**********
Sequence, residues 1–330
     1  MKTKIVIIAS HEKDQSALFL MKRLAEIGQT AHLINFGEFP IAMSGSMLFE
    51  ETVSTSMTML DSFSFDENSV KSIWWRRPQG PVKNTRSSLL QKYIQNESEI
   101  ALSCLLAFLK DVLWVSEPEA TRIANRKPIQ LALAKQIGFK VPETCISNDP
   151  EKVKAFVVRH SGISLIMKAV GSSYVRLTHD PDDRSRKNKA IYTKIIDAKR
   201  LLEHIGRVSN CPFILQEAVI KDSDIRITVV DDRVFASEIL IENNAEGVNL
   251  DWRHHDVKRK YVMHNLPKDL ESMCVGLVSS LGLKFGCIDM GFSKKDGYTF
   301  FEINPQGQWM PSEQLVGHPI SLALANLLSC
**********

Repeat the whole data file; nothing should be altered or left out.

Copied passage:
Sequence, residues 1–330
     1  MKTKIVIIAS HEKDQSALFL MKRLAEIGQT AHLINFGEFP IAMSGSMLFE
    51  ETVSTSMTML DSFSFDENSV KSIWWRRPQG PVKNTRSSLL QKYIQNESEI
   101  ALSCLLAFLK DVLWVSEPEA TRIANRKPIQ LALAKQIGFK VPETCISNDP
   151  EKVKAFVVRH SGISLIMKAV GSSYVRLTHD PDDRSRKNKA IYTKIIDAKR
   201  LLEHIGRVSN CPFILQEAVI KDSDIRITVV DDRVFASEIL IENNAEGVNL
   251  DWRHHDVKRK YVMHNLPKDL ESMCVGLVSS LGLKFGCIDM GFSKKDGYTF
   301  FEINPQGQWM PSEQLVGHPI SLALANLLSC